Now, the best way to think about this would be to picture it as an OSR-style hack for PFRPG; it still requires that you understand PFRPG. The pdf does not explain spellcasting and DCs, saves or rules-terminology like that – instead, it focuses on being a handy tool for quick and dirty gameplay. This does change quite a lot regarding the base assumptions: Bonus types, for example. Damage types are not really codified – the bonus damage for foregone iterative attacks is not specified, while a magus channeling energy into arcane strikes does distinguish between energy types. Sorcerer bloodline nets spells that can be cast anytime. (Chosen from what? The bloodline’s list? That of the sorcerer?) As you can glean from that, we have a different experience here – which grafted onto PFRPG’s rules, there is an instance of infinite casting here, consequently, also infinite healing, which e.g. the oracle can yield occasionally. Provided, the spell was chosen for the mystery. Odd: Proficiencies are a bit weird: magi, for example explicitly get medium and heavy armor proficiency, while the other simple classes don’t specify the like.
The pdf also provides very brief notes on NPC-classes, with warrior, expert and adept fitting on one page with their tables, and commoners acting as fixed low-HP mooks. The animal companion of the druid, for example, is based, stat-wise, on the adept.
Editing and formatting are okay, I guess – there are a few minor hiccups on a formal leve, but the issue I have is with the rules-language. Layout adheres to a 2-column standard with yellowish tables and high-lights. The pdf has no interior artwork. The pdf is fully bookmarked for your convenience, though oddly martial and skilled characters get nested bookmarks and spellcasters don’t, which can be slightly confusing at first.
Michael McCarthy’s “Straight Classes” are a great idea per se. Simplifying class options is a smart move per se and can potentially be really handy for the GM and for newer players. Potentially. You see, they are contingent on knowing how a lot of PFRPG works, as the pdf’s classifying of abilities doesn’t really manage to denote the myriad of concepts that the draw upon. That means that you need at least an experienced GM to make proper use of them.
The pdf has another issue, namely that it attempts to divorce classes and their mechanics from the remainder of the game, which only works partially. Considering the intricately entwined rules of PFRPG, that should come as no surprise, but the interaction of the simplified options herein with the non-simplified ones is weird. Spellcasting, for example, requires that you know about action economy. At the same time, the iterative attack modification seems to be mostly divorced from it. The interactions between this pdf and PFRPG’s core rules generate a lot of issues and change in some instances the basic premises implied by the game – infinite spellcasting, to name but one.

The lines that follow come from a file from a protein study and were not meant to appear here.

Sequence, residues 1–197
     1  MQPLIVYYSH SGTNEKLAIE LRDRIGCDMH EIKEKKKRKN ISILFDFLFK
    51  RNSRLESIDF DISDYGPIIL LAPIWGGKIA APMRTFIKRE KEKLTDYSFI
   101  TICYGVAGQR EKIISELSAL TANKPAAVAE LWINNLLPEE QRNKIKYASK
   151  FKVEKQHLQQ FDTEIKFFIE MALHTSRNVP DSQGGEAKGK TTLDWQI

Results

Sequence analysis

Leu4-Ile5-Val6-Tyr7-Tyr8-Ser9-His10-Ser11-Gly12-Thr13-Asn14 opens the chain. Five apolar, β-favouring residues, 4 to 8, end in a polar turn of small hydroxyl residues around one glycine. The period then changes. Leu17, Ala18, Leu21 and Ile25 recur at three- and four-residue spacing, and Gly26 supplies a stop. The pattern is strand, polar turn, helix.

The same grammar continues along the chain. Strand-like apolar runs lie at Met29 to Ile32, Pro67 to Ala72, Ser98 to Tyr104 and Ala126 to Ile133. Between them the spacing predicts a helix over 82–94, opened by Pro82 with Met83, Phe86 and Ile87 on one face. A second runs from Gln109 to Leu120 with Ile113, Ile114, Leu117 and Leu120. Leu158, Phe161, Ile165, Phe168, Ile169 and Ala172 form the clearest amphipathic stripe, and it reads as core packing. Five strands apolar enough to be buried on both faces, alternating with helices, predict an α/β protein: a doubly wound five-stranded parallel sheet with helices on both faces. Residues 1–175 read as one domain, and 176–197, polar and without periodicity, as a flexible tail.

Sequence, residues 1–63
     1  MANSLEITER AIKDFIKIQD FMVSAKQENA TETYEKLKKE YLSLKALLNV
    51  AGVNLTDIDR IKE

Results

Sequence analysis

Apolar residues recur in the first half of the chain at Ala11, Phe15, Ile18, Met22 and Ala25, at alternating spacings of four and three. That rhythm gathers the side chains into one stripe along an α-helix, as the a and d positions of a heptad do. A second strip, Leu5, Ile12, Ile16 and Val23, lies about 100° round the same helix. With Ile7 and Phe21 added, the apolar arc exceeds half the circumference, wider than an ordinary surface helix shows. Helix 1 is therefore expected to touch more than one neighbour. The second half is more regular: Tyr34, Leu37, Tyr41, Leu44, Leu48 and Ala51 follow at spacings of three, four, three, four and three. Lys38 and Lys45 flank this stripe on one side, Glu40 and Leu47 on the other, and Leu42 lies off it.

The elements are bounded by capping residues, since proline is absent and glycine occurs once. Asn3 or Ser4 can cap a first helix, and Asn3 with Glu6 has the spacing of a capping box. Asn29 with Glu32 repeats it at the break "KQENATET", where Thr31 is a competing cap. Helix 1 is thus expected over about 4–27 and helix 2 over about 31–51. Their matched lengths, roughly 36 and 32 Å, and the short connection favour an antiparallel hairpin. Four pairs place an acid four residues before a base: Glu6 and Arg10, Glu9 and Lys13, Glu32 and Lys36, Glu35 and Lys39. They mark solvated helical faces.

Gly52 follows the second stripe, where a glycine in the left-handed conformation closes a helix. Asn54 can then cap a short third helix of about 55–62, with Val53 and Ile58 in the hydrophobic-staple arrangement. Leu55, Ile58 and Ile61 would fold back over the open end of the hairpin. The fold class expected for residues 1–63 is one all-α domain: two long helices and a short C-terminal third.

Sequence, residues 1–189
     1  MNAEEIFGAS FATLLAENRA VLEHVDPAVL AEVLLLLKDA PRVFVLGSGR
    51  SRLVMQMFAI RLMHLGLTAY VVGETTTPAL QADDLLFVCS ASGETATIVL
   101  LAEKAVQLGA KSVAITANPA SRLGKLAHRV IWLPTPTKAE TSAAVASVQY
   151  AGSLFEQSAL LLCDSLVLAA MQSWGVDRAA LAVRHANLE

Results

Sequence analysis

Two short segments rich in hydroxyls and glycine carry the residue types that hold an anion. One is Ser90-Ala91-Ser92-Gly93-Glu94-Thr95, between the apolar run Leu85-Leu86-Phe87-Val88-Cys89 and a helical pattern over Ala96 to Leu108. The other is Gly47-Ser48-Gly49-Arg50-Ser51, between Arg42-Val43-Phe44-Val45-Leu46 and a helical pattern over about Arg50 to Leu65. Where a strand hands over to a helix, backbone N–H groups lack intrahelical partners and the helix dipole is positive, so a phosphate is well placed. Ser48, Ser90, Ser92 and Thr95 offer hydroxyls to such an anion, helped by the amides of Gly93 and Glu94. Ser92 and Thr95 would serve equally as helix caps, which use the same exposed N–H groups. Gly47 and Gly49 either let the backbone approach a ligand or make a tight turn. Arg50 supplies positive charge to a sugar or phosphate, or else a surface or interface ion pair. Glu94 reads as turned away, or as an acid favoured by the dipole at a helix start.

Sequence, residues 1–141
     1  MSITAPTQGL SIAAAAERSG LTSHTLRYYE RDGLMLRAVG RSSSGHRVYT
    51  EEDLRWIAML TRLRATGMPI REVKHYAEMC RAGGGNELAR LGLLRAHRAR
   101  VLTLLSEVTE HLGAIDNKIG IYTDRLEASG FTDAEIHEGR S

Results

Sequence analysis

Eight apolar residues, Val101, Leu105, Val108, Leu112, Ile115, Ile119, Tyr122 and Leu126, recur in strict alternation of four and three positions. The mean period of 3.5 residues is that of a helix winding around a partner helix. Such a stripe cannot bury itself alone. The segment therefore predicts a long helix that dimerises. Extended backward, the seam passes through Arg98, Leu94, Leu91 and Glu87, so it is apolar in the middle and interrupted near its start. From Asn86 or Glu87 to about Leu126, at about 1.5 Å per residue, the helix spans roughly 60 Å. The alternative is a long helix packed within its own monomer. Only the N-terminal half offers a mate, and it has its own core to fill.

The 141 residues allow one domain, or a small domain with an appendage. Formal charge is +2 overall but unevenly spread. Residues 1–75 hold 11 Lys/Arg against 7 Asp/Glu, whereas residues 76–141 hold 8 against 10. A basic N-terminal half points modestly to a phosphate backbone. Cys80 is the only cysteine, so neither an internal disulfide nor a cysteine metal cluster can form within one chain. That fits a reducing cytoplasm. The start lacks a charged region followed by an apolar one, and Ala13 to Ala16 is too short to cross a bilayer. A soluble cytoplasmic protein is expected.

Beyond this pretty big problem, we have issues in internal consistency – when DRs can diverge and energy types can, we’d need to distinguish between physical damage types as well, to name but one.
In short: This pdf doesn’t work because it labors under the misconception that the classes can be simplified as something divorced from the system as a whole, when, in truth, the modifications herein would require a discussion of action economy and a rewriting of spells, feats, etc. as well. Now, granted, this is billed as “quick and dirty,” but my contention is that it does not succeed at its goal. The interactions are so problematic that they make the gameplay rather opaque; to the point where I thought that I’d be better served with 5e or one of the OSR-games, who offer simplicity with precision.
Now, I consider a simplified Pathfinder and class-options like this a good idea; at the same time, this does not manage to blend its simplified rules well with PFRPG’s options. It can be used, yes, but it does generate a ton of rough patches regarding the more intricate components of the rules. As such, my final verdict cannot exceed 2 stars.